Washington has several harm reduction laws in place to help those suffering from an addiction. For instance, the 911 Good Samaritan law urges individuals to call for emergency medical assistance in the event of an overdose. The law provides immunity from prosecution for drug possession charges to bystanders who witness an overdose.

An estimated 88 percent of opiate users in Washington have said they are aware of the Good Samaritan law and are likely to call 911 during an overdose.

Prescription Drug Monitoring Program (PDMP)

In 2011, Washington implemented its Prescription Drug Monitoring Program (PDMP). The program is used as a safety tool for medical professionals and pharmacists. With information made available through a patient care tool, physicians are able to review information before prescribing medications.

Benefits of Washington’s PDMP include:

  • Preventing drug misuse and overdoses
  • Promoting referrals for pain management
  • Treating drug addiction
  • Detecting insurance fraud
  • Supporting patient care

High Intensity Drug Trafficking Areas (HIDTA) Program

The Northwest High Intensity Drug Trafficking Areas (HIDTA) program develops various drug control efforts among local, state and federal law enforcement agencies. In designated HIDTA counties, the program focuses on immobilizing Drug Trafficking Organizations (DTO) that negatively impact local neighborhoods. Through technology and other resources, the program is able to help detect, disrupt and dismantle any organizations involved in drug trafficking.

Drug Court in Washington

Washington has two forms of drug courts: adult drug court and juvenile drug court. Both programs provide nonviolent substance abuse offenders with an opportunity to receive treatment instead of serving time in jail. Drug court requires individuals to attend drug treatment, undergo random drug tests, meet with a probation officer and appear before the judge on a frequent basis. In the case of juvenile drug court, adolescents will also be required to work on substance abuse and related issues with their family.

Upon successfully completing drug court, charges will be dropped. However, failure to meet the program’s requirements will result in termination from drug court and sentencing for the original charges.

Drug Offender Sentencing Alternative (DOSA)

The Drug Offender Sentencing Alternative (DOSA) program helps nonviolent offenders cut their jail time by up to 50 percent. This alternative program provides chemical dependency treatment and supervision to those who have been charged with a drug-related crime. Requirements often involve community supervision and outpatient treatment programs.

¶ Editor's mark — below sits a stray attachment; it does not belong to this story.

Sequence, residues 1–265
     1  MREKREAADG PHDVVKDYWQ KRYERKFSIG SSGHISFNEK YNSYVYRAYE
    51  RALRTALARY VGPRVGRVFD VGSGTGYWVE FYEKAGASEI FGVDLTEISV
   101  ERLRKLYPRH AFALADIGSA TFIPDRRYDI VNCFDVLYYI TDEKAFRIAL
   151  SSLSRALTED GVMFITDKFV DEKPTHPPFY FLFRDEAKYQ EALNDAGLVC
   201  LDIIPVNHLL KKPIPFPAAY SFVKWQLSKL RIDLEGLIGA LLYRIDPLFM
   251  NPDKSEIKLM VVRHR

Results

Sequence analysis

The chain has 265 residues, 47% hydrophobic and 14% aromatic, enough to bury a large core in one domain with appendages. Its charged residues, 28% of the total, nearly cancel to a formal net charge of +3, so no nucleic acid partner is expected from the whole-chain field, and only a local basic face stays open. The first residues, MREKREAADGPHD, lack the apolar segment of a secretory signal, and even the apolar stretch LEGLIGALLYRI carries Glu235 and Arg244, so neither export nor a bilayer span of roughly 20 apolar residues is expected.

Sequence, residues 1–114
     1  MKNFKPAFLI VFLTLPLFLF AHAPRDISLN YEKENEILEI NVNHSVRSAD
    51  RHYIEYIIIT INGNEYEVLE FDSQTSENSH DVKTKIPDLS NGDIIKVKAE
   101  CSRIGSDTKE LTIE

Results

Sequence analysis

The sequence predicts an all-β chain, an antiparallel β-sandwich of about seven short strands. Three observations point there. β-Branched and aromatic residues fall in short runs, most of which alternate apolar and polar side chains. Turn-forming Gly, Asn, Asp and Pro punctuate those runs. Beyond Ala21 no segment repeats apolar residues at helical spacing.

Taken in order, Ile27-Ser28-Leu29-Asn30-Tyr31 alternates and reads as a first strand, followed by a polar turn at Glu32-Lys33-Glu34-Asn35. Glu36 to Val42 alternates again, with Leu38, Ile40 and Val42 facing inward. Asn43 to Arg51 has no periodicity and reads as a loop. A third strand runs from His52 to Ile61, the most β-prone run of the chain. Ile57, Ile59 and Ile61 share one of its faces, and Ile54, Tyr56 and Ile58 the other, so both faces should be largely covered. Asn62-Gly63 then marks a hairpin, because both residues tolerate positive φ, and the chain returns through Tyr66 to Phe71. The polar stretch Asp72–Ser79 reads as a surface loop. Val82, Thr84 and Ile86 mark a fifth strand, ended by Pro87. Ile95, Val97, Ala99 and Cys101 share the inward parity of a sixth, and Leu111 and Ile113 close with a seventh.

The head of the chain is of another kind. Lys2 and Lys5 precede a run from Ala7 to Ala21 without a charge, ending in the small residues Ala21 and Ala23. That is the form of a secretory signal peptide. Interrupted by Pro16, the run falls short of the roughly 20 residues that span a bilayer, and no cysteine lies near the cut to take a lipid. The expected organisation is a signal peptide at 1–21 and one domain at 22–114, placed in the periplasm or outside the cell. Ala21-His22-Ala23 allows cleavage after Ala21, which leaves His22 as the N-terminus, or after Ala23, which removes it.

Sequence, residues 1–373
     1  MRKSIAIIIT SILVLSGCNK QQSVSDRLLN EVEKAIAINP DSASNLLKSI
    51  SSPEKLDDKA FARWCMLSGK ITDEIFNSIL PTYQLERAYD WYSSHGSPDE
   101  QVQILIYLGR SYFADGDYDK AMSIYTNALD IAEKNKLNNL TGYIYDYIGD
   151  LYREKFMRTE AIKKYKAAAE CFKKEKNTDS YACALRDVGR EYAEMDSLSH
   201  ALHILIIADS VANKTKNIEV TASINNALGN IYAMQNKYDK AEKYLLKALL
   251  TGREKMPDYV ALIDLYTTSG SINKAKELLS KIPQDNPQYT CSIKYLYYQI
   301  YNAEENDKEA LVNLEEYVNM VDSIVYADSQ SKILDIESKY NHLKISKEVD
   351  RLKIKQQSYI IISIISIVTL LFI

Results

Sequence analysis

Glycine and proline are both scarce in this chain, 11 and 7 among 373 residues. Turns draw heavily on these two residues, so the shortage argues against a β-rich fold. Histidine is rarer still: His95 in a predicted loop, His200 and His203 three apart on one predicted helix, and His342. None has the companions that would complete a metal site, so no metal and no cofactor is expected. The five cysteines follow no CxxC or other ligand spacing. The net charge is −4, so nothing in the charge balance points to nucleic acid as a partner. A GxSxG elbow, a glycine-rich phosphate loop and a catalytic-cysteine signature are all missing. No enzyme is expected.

DOSA allows a person to spend their remaining sentence out of jail while attending outpatient treatment monitoring and other recovery services.

Through the DOSA program, Washington hopes to reduce jail time for nonviolent, drug-related offenders and help them start on a long-term path to recovery.

Treatment Centers in Washington

Washington offers a wide range of treatment centers, as well as some state-funded options for those in need. Many statewide rehab facilities accept private insurance plans and provide solutions for financial difficulties.

While researching treatment options, it’s important to look into the program’s therapy methods, recovery rates, rehab duration, as well as location. It’s possible that the best program available is out of state. A program further from home, however, shouldn’t deter you. Choosing a treatment center in another state can better allow you to focus on your life, health and long-term sobriety.

Division of Behavioral Health and Recovery (DBHR)

The Division of Behavioral Health and Recovery (DBHR) in Washington provides funding for prevention, intervention, treatment and recovery services to those enrolled in Medicaid.

Between 2013 and 2015, the DBHR helped serve more than 83,000 youth and adults struggling with addiction and mental health issues.

Due to an overwhelming number of individuals seeking state-funded treatment, DBHR has implemented levels of priority. Those who receive priority for state-funded treatment are:

  • Pregnant women who use IV drugs
  • Pregnant women
  • Others who use IV drugs
  • Post-partum women (up to one year)
  • Parents/legal guardians involved with Child Protective Services
  • Parenting adults
  • Youth

With the help of services provided by DBHR, individuals have timely access to treatment and recovery programs.

Call us today and find an addiction treatment center that offers you the greatest opportunity for long-term recovery and sobriety.